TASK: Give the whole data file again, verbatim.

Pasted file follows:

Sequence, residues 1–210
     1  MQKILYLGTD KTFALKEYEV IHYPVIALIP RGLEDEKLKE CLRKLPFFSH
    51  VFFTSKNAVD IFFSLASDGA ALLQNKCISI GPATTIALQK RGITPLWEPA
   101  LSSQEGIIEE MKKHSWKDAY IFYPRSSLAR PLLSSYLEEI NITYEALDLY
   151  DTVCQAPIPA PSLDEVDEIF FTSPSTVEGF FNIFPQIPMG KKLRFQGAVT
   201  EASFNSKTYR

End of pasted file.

Sequence, residues 1–210
     1  MQKILYLGTD KTFALKEYEV IHYPVIALIP RGLEDEKLKE CLRKLPFFSH
    51  VFFTSKNAVD IFFSLASDGA ALLQNKCISI GPATTIALQK RGITPLWEPA
   101  LSSQEGIIEE MKKHSWKDAY IFYPRSSLAR PLLSSYLEEI NITYEALDLY
   151  DTVCQAPIPA PSLDEVDEIF FTSPSTVEGF FNIFPQIPMG KKLRFQGAVT
   201  EASFNSKTYR